Whether industrial, military or even political authorities, today there are hardly any voices in France as in Germany. to hope that the Future Air Combat System, or FCAS, program will come to an end. Even the French Ministry of the Armed Forces, the voice of the Elysée's European and Franco-German cooperation ambitions for more than 5 years now, is not resigned, but at the very least discreet, even skeptical on the subject. This failure in the making, which now seems almost inevitable, is often presented as the consequence ofindustrial opposition between Dassault Aviation and Airbus Defense & Space about the Next Generation Fighter, the first and most important pillar of the SCAF program, the piloting of which was attributed to the French aircraft manufacturer from the start of the program, but whose terms of cooperation are called into question by Airbus D&S. However, on closer inspection, this probable failure has its roots in successive decisions from Berlin, and this from 2017, even when the SCAF was barely taking shape. in the speech of Angela Merkel and Emmanuel Macron.
A two-part article published on the Defense-aerospace website, draws up the list of these decisions which came to scuttle the ambition of Franco-German cooperation of the two Heads of State, and this well beyond the SCAF program alone. It should be recalled that this cooperation initially concerned the SCAF, but also the Main Ground Combat System or MGCS program to replace the Leclerc and Leopard 2 heavy tanks, the Maritime Air Warfare System or MAWS program intended to replace patrol aircraft maritime P3 and Atlantique 2, the Common Indirect Fire System or CIFS program to replace artillery systems by 2035, the Eurodrone to produce a European Male combat drone, and finally Tiger III, the evolution of the Tiger combat helicopter, one of the few recent Franco-German defense programs to have come to an end.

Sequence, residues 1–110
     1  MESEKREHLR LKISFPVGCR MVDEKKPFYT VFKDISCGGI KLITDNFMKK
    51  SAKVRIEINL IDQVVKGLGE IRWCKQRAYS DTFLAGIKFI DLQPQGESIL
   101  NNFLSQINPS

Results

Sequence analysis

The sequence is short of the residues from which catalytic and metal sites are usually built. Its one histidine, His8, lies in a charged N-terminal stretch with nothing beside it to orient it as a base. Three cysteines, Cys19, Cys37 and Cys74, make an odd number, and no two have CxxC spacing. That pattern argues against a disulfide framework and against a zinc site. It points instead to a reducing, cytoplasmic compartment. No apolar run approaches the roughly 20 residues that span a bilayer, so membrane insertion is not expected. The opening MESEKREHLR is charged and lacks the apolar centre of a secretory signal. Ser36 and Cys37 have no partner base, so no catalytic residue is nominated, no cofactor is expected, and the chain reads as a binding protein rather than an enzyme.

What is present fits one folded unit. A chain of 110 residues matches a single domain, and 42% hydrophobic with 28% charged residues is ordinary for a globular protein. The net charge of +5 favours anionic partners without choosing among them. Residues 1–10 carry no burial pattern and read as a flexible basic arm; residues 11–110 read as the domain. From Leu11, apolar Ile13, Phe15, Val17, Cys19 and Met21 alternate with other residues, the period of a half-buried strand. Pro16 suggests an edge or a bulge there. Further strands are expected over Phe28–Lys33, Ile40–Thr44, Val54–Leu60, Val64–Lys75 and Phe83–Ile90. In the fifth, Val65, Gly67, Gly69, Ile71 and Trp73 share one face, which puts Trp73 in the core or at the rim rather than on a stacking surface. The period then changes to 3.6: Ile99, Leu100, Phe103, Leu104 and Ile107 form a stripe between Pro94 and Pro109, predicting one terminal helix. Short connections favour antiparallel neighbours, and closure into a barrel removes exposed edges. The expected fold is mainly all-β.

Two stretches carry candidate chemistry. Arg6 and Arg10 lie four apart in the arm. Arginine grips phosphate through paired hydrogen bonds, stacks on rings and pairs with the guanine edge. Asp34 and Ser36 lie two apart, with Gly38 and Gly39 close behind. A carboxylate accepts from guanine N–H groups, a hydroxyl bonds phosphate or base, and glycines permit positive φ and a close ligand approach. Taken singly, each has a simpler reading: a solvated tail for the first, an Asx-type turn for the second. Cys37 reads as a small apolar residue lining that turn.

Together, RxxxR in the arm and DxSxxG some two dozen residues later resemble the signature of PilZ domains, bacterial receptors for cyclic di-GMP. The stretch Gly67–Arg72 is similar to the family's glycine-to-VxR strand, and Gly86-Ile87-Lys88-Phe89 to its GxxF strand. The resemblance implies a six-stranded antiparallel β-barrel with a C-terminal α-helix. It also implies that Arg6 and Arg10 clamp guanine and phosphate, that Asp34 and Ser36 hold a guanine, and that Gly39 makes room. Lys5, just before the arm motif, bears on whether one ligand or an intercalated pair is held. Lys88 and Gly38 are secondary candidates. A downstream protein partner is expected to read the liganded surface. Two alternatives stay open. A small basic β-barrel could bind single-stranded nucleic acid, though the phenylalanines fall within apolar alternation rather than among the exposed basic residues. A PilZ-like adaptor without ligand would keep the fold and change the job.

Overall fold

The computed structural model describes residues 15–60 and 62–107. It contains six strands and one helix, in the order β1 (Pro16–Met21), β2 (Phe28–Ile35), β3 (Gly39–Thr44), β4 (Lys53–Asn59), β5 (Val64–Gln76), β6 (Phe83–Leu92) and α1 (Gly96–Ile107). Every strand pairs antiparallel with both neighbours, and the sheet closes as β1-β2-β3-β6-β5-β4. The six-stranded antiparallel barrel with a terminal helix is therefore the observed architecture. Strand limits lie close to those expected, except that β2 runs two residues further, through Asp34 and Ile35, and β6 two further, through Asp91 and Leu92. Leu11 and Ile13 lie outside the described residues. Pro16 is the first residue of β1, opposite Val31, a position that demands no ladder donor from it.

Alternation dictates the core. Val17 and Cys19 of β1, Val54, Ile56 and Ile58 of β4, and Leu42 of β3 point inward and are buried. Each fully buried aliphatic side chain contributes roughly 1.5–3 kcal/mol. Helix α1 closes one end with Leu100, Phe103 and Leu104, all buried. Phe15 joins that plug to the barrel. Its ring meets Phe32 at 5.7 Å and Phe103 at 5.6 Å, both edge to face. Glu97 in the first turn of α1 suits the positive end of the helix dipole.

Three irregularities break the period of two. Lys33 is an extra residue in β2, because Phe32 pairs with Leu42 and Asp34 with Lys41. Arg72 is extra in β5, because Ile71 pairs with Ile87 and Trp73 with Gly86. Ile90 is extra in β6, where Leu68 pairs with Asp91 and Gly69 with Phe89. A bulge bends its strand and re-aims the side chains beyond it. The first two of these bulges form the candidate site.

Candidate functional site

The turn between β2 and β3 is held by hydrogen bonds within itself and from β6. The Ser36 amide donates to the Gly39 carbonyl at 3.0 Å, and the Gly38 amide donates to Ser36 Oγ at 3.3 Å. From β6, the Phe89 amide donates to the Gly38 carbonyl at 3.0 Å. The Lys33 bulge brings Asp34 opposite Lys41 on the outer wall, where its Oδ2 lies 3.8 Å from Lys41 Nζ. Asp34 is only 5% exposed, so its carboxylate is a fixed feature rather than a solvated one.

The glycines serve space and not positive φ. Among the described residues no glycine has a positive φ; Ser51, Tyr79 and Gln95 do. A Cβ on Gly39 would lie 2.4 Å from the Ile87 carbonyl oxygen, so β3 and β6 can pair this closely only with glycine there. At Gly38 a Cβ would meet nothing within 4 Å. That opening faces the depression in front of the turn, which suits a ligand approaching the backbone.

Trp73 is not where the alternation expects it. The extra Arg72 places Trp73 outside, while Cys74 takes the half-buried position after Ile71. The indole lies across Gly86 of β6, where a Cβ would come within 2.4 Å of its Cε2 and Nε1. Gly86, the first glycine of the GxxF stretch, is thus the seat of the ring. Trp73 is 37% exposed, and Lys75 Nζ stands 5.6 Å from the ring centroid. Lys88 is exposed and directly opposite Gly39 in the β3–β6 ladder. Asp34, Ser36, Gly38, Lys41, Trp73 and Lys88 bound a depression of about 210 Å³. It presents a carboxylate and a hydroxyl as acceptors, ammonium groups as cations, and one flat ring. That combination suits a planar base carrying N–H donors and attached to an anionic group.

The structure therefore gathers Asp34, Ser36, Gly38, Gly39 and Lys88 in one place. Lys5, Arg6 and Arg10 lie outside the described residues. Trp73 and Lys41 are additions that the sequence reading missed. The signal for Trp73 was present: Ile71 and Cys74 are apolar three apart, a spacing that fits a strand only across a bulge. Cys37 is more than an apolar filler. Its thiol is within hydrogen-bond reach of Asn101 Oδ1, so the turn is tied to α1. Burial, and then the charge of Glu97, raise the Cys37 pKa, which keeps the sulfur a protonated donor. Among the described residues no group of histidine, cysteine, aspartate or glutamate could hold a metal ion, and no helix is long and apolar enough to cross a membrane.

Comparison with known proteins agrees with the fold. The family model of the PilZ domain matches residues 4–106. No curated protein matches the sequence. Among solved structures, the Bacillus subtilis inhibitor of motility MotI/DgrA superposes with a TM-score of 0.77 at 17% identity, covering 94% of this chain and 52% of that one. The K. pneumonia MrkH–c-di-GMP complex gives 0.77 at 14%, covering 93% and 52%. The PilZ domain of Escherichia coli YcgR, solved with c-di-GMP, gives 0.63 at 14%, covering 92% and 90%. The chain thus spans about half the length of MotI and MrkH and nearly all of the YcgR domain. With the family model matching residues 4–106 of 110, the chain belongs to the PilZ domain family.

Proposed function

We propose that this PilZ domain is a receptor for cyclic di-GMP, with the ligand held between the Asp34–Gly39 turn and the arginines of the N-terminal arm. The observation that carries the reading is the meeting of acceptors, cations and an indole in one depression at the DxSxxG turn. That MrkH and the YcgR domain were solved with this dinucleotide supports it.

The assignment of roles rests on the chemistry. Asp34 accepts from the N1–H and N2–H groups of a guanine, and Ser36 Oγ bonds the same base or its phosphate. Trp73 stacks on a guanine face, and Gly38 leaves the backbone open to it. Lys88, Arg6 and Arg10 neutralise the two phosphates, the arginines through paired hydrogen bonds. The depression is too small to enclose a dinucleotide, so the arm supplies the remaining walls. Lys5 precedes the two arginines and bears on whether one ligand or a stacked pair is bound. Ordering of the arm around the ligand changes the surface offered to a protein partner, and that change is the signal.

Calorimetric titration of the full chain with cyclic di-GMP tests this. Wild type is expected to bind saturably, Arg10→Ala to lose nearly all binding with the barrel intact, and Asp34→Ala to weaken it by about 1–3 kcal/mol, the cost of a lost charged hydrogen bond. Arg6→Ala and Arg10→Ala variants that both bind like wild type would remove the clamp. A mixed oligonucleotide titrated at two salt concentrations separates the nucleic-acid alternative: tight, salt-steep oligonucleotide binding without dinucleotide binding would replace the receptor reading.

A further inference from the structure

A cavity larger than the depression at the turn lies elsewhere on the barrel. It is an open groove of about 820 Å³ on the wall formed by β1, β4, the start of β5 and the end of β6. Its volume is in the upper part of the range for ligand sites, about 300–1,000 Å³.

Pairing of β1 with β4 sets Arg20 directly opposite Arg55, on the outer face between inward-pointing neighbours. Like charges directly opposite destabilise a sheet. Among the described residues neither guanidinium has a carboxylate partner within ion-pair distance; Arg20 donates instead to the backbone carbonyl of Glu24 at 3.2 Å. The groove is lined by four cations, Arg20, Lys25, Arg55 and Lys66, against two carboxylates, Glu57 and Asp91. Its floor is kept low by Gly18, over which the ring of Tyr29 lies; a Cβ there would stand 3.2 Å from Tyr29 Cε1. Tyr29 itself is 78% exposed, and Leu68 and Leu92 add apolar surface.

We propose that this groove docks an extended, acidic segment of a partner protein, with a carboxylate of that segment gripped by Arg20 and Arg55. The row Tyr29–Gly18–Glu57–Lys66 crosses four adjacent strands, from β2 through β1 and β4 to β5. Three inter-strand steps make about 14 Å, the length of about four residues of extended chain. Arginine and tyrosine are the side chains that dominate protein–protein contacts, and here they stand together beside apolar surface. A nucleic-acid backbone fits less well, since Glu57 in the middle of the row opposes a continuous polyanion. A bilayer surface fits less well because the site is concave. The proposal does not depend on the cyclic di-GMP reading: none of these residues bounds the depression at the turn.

Thus, in December 2017, Berlin put a more than significant knife edge in Franco-German defense cooperation by announcing the launch of two Electro-optical reconnaissance satellites, whereas since 2008, the two countries had agreed on a sharing of skills in this field, France implementing Electro-optical satellites, Germany satellites equipped with radar. A few months later, Berlin imposed its veto on the execution of contracts for the export of French armored equipment equipped with German engines to Saudi Arabia, which undermined the entire contract with Riyadh. However, two years later, Germany authorized the export of military trucks to the same country. In 2019, Berlin imposed the arrival of the industrial Rheinmetall in the MGCS program, even though the industrial sharing around this program had been organized around the merger of Krauss Maffei Wegman and the French Nexter, the latter assuming within the new program the same role as Rheinmetall within the Leopard 1 and 2 programs, thereby deeply destabilizing the program.
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